The American Legislative Exchange Council outlines a set of budget and procurement best practices to guide state policymakers as they work to solve the budget shortfalls. The toolkit will assist legislators in prioritizing and more efficiently delivering core government services by advancing free markets, limiting government, and promoting federalism and individual liberty.

Policy Tip Sheet: Spending Reforms–spending-reforms
The Heartland Institute outlines several reforms state legislators can take to address spending problems, including privatization, tax and expenditure limits, and retirement reforms.

Balancing State Budgets the Smart Way
Joseph Henchman of the Tax Foundation examines an array of options states can use to remedy both short-term and long-term fiscal woes and put their budgets back on sounder legal footing.

Decade of TABOR—Ten Years After: Analysis of the Taxpayer’s Bill of Rights—ten-years-after-analysis-of-the-taxpayers-bill-of-rights
Colorado’s TABOR (Taxpayer’s Bill of Rights) is a constitutional amendment limiting taxes and spending. Its stated mission is to “reasonably restrain most of the growth of government.” It allows only tax rate increases approved by voters, and although fees are not directly restricted, state government spending is limited to the growth of Colorado’s population plus inflation in the prior year.

State and Local Spending: Do Tax and Expenditure Limits Work?
This empirical analysis by Benjamin Zycher of the American Enterprise Institute applies data from 49 states (excluding Alaska) over the period 1970–2010 to the empirical question of the effectiveness of TELs, which display a wide variety of features across the states.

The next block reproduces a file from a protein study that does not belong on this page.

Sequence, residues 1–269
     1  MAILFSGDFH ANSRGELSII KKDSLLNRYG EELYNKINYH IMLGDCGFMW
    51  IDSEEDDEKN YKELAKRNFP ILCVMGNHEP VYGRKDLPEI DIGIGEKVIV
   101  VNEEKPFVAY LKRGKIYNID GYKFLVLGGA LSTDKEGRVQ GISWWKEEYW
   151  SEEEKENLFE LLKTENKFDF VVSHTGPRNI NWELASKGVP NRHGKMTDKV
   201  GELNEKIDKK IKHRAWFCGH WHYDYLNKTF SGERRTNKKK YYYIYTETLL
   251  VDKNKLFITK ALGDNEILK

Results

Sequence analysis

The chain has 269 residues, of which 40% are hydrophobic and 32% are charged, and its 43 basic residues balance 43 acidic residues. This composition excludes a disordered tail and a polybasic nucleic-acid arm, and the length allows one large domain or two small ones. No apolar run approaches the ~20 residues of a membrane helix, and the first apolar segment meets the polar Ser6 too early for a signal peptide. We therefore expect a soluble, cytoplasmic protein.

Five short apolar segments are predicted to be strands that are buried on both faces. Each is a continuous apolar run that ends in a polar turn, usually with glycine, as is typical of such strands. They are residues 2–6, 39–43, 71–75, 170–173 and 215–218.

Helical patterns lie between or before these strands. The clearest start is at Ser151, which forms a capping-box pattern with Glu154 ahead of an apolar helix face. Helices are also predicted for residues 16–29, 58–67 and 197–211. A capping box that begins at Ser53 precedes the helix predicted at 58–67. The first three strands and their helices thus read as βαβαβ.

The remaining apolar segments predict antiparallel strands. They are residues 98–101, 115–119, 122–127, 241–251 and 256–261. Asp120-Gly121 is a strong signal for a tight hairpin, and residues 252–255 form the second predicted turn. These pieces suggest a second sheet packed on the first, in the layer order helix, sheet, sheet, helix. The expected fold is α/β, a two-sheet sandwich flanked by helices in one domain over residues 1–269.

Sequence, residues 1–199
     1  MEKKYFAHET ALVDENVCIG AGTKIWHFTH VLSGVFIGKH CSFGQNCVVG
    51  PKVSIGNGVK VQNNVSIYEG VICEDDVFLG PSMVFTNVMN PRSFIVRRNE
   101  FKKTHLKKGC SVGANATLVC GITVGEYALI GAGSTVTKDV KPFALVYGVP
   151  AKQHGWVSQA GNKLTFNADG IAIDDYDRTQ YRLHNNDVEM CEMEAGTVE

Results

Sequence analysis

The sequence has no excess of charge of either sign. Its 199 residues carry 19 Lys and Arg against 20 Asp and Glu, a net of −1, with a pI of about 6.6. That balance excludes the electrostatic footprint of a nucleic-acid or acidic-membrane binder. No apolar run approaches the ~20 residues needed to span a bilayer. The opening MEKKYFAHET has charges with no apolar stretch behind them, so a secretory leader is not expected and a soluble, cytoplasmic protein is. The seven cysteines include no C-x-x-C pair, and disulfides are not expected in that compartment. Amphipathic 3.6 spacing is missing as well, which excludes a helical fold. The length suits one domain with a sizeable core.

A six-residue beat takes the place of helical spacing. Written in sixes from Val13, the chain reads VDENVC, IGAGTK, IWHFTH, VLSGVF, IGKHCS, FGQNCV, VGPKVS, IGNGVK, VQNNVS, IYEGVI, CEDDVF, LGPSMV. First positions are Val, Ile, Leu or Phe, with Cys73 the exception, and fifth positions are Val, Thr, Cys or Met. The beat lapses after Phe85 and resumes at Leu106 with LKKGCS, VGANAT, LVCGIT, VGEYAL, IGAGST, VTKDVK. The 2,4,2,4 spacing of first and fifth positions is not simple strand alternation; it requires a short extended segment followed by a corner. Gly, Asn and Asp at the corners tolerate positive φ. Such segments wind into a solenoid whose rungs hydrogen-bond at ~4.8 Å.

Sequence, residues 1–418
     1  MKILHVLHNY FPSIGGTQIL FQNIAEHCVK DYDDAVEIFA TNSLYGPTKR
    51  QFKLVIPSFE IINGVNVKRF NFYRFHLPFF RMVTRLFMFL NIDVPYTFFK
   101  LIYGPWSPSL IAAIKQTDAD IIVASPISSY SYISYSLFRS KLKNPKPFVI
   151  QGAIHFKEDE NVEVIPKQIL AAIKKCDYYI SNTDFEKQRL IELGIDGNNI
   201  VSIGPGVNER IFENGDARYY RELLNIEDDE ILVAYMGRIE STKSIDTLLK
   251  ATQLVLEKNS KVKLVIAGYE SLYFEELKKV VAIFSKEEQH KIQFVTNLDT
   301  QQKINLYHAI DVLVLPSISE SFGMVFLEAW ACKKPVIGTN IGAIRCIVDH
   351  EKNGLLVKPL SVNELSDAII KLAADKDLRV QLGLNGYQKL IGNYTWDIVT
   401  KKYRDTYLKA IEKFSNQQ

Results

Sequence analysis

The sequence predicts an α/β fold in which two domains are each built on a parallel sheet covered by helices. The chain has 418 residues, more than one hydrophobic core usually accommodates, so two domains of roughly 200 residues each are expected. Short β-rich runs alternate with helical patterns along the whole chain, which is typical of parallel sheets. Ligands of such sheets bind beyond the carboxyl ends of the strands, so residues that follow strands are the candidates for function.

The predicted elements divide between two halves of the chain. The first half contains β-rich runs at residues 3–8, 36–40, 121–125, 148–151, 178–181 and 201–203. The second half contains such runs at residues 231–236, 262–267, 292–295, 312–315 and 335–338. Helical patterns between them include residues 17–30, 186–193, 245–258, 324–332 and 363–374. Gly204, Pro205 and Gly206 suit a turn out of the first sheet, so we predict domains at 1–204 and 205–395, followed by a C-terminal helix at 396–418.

Tax and Expenditure Limits for Long-Run Fiscal Stability  
Emily Washington and Frederic Sautet of the Mercatus Center examine how states can correct for the inflexibility inherent in state expenditure systems to respect taxpayers’ desires for government services over time. Although they are not a perfect solution, binding TELs prevent policymakers from increasing state spending beyond voters’ willingness to pay for government services, the authors argue.

What Is the Evidence on Taxes and Growth?
In this Tax Foundation study, William McBride examines the effects of tax policy on economic growth. He finds the literature on the topic demonstrates long-term economic growth is to a significant degree a function of tax policy. If governments seek to spur investment, he writes, they should lower taxes on the earnings of capital. If they seek to increase employment, they should lower taxes on workers and the businesses which hire them. The report also includes a discussion of the effects of progressive tax systems. 

America Will Pay More in Taxes in 2015 than it Will Spend on Food, Clothing, and Housing Combined
Americans will pay $3.3 trillion in taxes to the federal government and an additional $1.5 trillion to state and local governments in 2015, notes Kyle Pomerleau of the Tax Foundation. “America’s total tax bill of $4.8 trillion is about 31 percent of the nation’s total income. This is a significant amount and is more than America will spend on food, clothing, and housing combined,” he writes. 


Nothing in this Research & Commentary is intended to influence the passage of legislation, and it does not necessarily represent the views of The Heartland Institute. For further information on this and other topics, visit the Budget & Tax News website, The Heartland Institute’s website, and PolicyBot, Heartland’s free online research database.